Saturday, March 31, 2012

Power and Force: Led Zeppelin's Presence

Presence is the seventh studio album by Led Zeppelin, released by Swan Song Records on March 31, 1976. The album received mixed reviews from critics and is one of the lowest sellers in the band's catalog. Personally, I find it to be the band's most grossly underrated album and, if pressed to choose, my favorite one. It stands out from the band's other albums in that it's filled with nothing but hard-hitting, lean and mean rock.

After a month of rehearsals, the album was recorded in just eighteen days at Musicland Studios in Munich, Germany. The rushed recording sessions were, in part, a result of Led Zeppelin having booked the studio immediately prior to The Rolling Stones, who were shortly to record songs for their album Black and Blue. Upon their arrival, the Stones were amazed that Zeppelin's album had indeed been completed (both recorded and mixed) in a mere eighteen days.

Guitarist Jimmy Page had stayed awake for two days straight to perform all of the guitar overdubs. As he later explained: "I just had to lay it down, more or less: first track... second track – you know, really fast working on that. And all the guitar overdubs on Presence were done in one night. But I didn't think I would be able to do it in one night, I thought I'd have to do it across maybe three different nights to get the individual sections. Everything sort of crystallized and you'll notice everything was just pouring out. I was very happy with the guitar playing on that whole album, you know as far as the maturity of playing goes."

Page describes Presence as the band's "most important" album, proving they would continue despite their turmoil. Arguably, the band's future was in limbo. Adversity sometimes turns into a powerful drive that leads us to triumph, and each track on Presence is sonically bursting with the stuff that makes us all carry on through our darkest times. Robert Plant was in a wheelchair with a shattered ankle from a recent car accident, no one knowing if he would ever walk again. Add to the mix that Plant was missing his family terribly, and also dealing with claustrophobia (thanks to the studio being in a basement of an old hotel), and it's not difficult to understand why you can literally hear and feel the strain and painful emotions that went into recording this intense album.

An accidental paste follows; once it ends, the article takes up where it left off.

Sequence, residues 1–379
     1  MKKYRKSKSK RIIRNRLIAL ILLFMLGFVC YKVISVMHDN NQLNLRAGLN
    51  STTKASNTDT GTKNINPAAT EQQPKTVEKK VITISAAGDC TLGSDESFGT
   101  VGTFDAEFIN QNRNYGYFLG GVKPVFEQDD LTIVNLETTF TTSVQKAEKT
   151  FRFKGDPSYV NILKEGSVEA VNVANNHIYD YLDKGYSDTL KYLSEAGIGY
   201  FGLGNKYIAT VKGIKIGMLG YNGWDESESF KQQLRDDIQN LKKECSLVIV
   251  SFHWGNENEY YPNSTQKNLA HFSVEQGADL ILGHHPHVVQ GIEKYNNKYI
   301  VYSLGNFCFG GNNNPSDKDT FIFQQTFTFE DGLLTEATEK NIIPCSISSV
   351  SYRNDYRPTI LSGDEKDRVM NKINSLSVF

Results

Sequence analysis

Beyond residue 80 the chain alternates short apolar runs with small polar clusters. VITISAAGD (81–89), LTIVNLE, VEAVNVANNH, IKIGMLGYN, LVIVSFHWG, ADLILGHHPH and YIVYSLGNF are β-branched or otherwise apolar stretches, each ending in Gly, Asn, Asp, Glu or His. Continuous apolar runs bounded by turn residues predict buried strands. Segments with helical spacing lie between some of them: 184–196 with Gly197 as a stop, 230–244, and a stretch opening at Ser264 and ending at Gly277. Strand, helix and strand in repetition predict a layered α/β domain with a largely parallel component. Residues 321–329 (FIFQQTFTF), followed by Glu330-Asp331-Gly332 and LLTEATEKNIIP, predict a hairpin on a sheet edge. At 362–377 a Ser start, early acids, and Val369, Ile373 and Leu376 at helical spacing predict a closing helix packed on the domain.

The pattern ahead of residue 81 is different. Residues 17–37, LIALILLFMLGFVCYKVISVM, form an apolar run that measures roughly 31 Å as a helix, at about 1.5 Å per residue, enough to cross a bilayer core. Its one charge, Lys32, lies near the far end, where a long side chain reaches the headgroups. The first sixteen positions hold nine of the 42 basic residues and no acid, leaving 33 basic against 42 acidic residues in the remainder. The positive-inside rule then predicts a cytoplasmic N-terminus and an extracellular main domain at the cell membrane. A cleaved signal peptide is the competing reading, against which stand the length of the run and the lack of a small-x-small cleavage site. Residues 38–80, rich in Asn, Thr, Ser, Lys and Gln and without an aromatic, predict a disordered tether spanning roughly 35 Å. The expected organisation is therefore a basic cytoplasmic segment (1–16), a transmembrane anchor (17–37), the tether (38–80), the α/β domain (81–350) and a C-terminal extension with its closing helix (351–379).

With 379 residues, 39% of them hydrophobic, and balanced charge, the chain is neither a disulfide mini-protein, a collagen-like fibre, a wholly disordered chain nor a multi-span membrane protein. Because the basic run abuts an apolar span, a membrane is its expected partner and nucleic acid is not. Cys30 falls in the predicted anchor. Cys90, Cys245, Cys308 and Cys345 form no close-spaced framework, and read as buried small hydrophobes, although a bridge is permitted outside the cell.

The cover and inside sleeve of this album, created by Hipgnosis, features various images of people interacting with a black obelisk-shaped object. Inside the album sleeve, the item is referred to simply as "The Object." It was intended to represent the "force and presence" of Led Zeppelin.

In the liner notes of the first Led Zeppelin boxed set, Page explained: "There was no working title for the album. The record-jacket designer said 'When I think of the group, I always think of power and force. There's a definite presence there.' That was it. He wanted to call it 'Obelisk.' To me, it was more important what was behind the obelisk. The cover is very tongue-in-cheek, to be quite honest. Sort of a joke on [the film] 2001. I think it's quite amusing."

The background used in the cover photograph is of an artificial marina that was installed inside London's Earl's Court Arena for the annual Earl's Court Boat Show that was held in the winter of 1974–75. This was the same venue where the band played a series of concerts a few months after the boat show, in May 1975. In 1977 Hipgnosis and George Hardie were nominated for a Grammy Award in the category of best album package.

The album was completed on November 26, 1975. This was the day before Thanksgiving, and in a telephone call to Swan Song Records, Page suggested the album be named Thanksgiving. This idea was quickly dropped, in favor of a title that was thought would represent the powerful force and presence that the band members felt surrounded the group.


Tracklist
1. Achilles Last Stand 10:26
2. For Your Life 6:21
3. Royal Orleans 2:58
4. Nobody's Fault But Mine 6:15
5. Candy Store Rock 4:10
6. Hots On For Nowhere 4:42
7. Tea For One 9:27

Presence by Led Zeppelin - A Bit Of Groovy!


For more information On Led Zeppelin visit http://www.ledzeppelin.com/
Authored by: Ravenval
Sources: Wikipedia entry and the articles and books referenced within.

1 comment:

jamesostafford.com said...

Great piece, and you're right: Presence is severely underrated.

Thanks for the Twitter follow -- I'm glad it led me to your blog :)